Customer Value and the Value Chain8 months ago
Customer value and purpose are essentially two sides of the same coin. How customers perceive an organization, its products and services, is the most important general factor for achieving purpose. Purpose is the organization’s reason for being, which must align with customer values for shared, sustained success.
Value can be simply defined as benefits minus costs. How benefits and costs are conceptualized depend on cultural, economic, and social factors. They can be generally understood in terms of basic human motives. People want to be autonomous, able to meet their own needs and free to pursue their interests. They don’t want to be controlled let alone coerced or forced. People value independence.
At the same time, people want to belong. They want to feel like they are part of something bigger than themselves. Practically, this means being recognized by others and having a role. Sense of competence, which comes from carrying out a role and being recognized for it, is the other fundamental motivating factor.
Together, autonomy, belonging, and competence defining people’s sense of agency and self-efficacy. They apply regardless of a person’s relation to an organization. These three factors define value for customers, employees, partners, and other stakeholders. They are essential to people’s general and special roles and how they fit together to form a value chain, pictured below. The value chain describes the full range of basic business functions that exist in any organization, and how they fit together to create customer value.
The value chain encompasses the full range of activities or business functions necessary to create customer value.
The core of an organization is “making,” producing products or providing services. Making combines resources to generate value. Clarity on how and what to make and adequate resources are necessary for production and providing. The “what” is defined by the customer via marketing, sales, and service. The “how” involves “buying” capabilities and materials by human resources, procurement, and purchasing.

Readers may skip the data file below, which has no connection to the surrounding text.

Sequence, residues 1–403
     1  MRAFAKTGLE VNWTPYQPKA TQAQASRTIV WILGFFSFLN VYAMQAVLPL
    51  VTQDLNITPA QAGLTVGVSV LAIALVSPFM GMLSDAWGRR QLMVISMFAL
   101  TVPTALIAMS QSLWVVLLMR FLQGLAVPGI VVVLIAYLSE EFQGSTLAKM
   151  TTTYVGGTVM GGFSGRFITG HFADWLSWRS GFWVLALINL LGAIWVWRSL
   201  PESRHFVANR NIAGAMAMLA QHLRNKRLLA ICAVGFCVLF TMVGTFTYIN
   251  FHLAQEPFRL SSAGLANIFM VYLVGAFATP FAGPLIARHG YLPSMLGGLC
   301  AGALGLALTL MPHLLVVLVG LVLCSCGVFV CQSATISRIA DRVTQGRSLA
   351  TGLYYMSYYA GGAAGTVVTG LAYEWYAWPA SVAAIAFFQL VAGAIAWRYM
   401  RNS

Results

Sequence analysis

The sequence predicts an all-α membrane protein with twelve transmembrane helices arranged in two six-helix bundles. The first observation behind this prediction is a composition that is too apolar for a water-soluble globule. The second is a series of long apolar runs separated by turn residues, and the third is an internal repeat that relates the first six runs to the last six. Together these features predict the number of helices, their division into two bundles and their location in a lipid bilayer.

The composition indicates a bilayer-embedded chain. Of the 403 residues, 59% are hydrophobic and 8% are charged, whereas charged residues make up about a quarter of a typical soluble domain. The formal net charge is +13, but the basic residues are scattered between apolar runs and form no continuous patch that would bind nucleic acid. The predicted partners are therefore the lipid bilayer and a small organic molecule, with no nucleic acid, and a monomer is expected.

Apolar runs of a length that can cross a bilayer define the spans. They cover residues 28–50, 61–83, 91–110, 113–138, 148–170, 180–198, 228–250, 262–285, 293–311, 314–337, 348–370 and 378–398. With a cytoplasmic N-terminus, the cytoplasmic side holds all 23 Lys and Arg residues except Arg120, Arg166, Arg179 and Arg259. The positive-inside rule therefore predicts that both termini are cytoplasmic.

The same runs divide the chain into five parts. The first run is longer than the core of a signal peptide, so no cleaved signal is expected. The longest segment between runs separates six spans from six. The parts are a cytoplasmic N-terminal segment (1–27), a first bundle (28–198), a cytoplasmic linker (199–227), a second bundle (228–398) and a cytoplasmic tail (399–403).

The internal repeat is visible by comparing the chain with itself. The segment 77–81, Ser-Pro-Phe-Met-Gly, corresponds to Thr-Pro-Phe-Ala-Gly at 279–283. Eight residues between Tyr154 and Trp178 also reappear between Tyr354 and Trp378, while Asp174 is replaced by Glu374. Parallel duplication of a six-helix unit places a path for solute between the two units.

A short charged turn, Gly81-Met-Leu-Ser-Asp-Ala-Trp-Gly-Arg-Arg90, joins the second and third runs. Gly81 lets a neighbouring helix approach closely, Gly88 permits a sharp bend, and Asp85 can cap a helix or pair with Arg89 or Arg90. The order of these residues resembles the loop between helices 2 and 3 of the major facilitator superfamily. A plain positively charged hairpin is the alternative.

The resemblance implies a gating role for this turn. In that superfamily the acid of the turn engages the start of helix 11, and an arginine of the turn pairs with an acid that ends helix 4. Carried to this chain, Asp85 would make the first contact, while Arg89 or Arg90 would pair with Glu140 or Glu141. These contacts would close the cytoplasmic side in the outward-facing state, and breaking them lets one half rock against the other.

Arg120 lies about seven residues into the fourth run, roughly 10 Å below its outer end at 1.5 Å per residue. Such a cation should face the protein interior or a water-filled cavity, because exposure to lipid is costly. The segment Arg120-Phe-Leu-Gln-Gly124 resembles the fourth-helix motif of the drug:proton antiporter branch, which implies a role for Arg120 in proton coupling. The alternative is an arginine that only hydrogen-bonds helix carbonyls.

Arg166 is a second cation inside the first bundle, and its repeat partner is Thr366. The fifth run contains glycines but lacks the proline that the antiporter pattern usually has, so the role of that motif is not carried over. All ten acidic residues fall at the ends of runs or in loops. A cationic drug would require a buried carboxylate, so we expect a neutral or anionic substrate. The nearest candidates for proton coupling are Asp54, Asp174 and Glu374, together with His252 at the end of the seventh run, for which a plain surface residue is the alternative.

Buying connects to making via inbound logistics. Making fulfills marketing via outbound logistics. Customer service ensures value and solidifies the customer relationship. All these functions require infrastructure and support of various sorts, and they must be administered, coordinated, managed, etc., for them to operate as an organization. The administrative and internal support functions span the other functions and connect them in series to form a value chain.
The value chain is comprised of everything an organization does, driven by customer value, constrained by available resources, including capabilities to carry out its functions. It is a general model but also a practical tool for identifying and addressing organizational issues. One important application is to ensure your organization has the capabilities it requires to achieve—and define—success, which is the topic of our next post.
The power of the value chain model comes from analyzing the jobs involved in each function in your organization, their required capabilities, and how they interconnect. Workforce gaps, overlaps, and risks become apparent with value chain analysis. It also points to opportunities to be more efficient, effective, and resilient. Each function equates to a set of basic performance metrics that are best understood in context. We will dig into these metrics in a future post.
The value chain is a powerful model for analyzing and managing organizations. Our next post shifts the focus to capabilities, what they are, how to develop and measure them. Capabilities literally determine actual (as distinct from intended) business functions.